Reference Number: 639
Autism spectrum disorder [ASD] is characterized by deficits in communication and social interactions combined with repetitive and restricted patterns of behaviors. Bidirectional changes in brain-gut microbiota are known to be responsible for the pathophysiology of many brain-related disorders, such as autism, as well as well-known gastrointestinal diseases, including gut disorders. Imbalance in the composition of gut microbiota is frequently observed in individuals with ASD. It is therefore believed that this imbalance is significant in the frequent occurrence of gastrointestinal symptoms. The integrity of the intestinal barrier and the blood-brain barrier [BBB] in individuals with ASD is affected. Incompletely digested peptides, toxins, and proinflammatory cytokines cross the BBB by entering the bloodstream and reach the central nervous system. As a result of the accumulation of these elements, brain function is adversely affected. It is hypothesized that incompletely digested peptides acting as opioid agonists reduce pain sensitivity and increase the severity of autism-specific behaviors. However, it is not known exactly how opioid peptides trigger ASD symptoms after they reach the brain. Diet therapies, especially elimination diets, are considered to be an alternative treatment to prevent this condition. Gluten-free casein-free [GFCF] diet is an elimination diet that involves the removal of certain proteins from the normal diet, such as gluten and casein. However, studies that demonstrate the beneficial effects of the GFCF diet on ASD patients and explain its mechanism is limited, which supports the opioid theory. This review aims to investigate the gastrointestinal and behavioral problems that are frequently observed in ASD, the possible action mechanisms of GFCF diets, and the efficacy of these elimination diets.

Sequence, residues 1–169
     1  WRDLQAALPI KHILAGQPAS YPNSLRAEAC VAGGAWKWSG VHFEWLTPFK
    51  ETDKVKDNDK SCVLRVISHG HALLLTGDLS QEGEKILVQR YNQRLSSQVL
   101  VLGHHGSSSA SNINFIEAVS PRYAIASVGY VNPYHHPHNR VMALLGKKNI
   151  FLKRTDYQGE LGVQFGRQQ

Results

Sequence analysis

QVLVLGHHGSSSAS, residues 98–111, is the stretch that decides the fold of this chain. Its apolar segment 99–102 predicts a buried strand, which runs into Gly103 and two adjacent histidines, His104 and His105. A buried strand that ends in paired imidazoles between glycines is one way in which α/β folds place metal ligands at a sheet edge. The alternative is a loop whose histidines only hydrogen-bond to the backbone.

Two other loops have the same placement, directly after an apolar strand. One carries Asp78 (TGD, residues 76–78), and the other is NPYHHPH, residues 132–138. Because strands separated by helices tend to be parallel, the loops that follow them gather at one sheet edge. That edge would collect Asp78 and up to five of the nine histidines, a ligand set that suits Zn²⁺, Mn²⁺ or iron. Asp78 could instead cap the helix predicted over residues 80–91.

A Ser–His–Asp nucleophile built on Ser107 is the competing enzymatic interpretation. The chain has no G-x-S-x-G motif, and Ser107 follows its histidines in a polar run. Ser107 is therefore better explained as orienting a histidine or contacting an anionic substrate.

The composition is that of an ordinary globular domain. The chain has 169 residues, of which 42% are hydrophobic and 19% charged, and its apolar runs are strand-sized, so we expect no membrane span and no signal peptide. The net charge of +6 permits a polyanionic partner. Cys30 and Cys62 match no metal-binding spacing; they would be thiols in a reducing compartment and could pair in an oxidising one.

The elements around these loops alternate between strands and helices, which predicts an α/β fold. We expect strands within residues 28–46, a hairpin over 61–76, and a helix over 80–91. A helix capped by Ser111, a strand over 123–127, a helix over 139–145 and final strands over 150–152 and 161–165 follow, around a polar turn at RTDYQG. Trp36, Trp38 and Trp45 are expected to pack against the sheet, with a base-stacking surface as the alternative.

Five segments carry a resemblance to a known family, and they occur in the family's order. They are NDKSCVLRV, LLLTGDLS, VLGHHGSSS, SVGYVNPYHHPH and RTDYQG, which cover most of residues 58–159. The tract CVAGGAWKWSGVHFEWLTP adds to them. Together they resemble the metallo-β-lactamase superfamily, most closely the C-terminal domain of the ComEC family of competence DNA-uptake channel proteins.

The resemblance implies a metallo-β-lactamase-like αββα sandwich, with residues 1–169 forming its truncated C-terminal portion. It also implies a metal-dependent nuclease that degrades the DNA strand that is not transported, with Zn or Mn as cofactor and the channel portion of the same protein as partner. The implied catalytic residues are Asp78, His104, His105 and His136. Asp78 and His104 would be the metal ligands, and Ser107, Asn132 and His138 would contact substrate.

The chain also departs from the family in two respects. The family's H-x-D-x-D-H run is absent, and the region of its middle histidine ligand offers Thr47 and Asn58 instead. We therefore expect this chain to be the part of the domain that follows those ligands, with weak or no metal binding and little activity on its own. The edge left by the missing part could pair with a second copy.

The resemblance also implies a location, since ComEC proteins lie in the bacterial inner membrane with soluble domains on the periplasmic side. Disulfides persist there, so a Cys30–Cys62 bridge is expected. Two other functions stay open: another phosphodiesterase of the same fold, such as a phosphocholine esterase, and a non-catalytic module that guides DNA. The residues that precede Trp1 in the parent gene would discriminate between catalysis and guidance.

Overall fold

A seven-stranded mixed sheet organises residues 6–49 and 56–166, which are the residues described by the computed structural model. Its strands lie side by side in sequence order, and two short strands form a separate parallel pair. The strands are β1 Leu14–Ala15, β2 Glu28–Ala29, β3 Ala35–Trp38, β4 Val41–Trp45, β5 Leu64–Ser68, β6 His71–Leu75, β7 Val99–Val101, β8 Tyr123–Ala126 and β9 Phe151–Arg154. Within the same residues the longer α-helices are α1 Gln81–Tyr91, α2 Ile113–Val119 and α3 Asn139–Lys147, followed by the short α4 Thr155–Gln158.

Significance of the study to the baker:
Nutritional and gastrointestinal problems are very common in individuals with autism.
Families turn to alternative treatments to solve these problems, believing that they are harmless.
There is insufficient evidence for the effectiveness of these frequently used alternative treatments. One of these alternative treatments is the GFCF diet, one of the elimination diets.
This diet is based on the opioid theory. However, there is insufficient evidence to prove its effectiveness.
The benefit of this diet is controversial and with long-term administration, it may cause micronutrient deficiencies.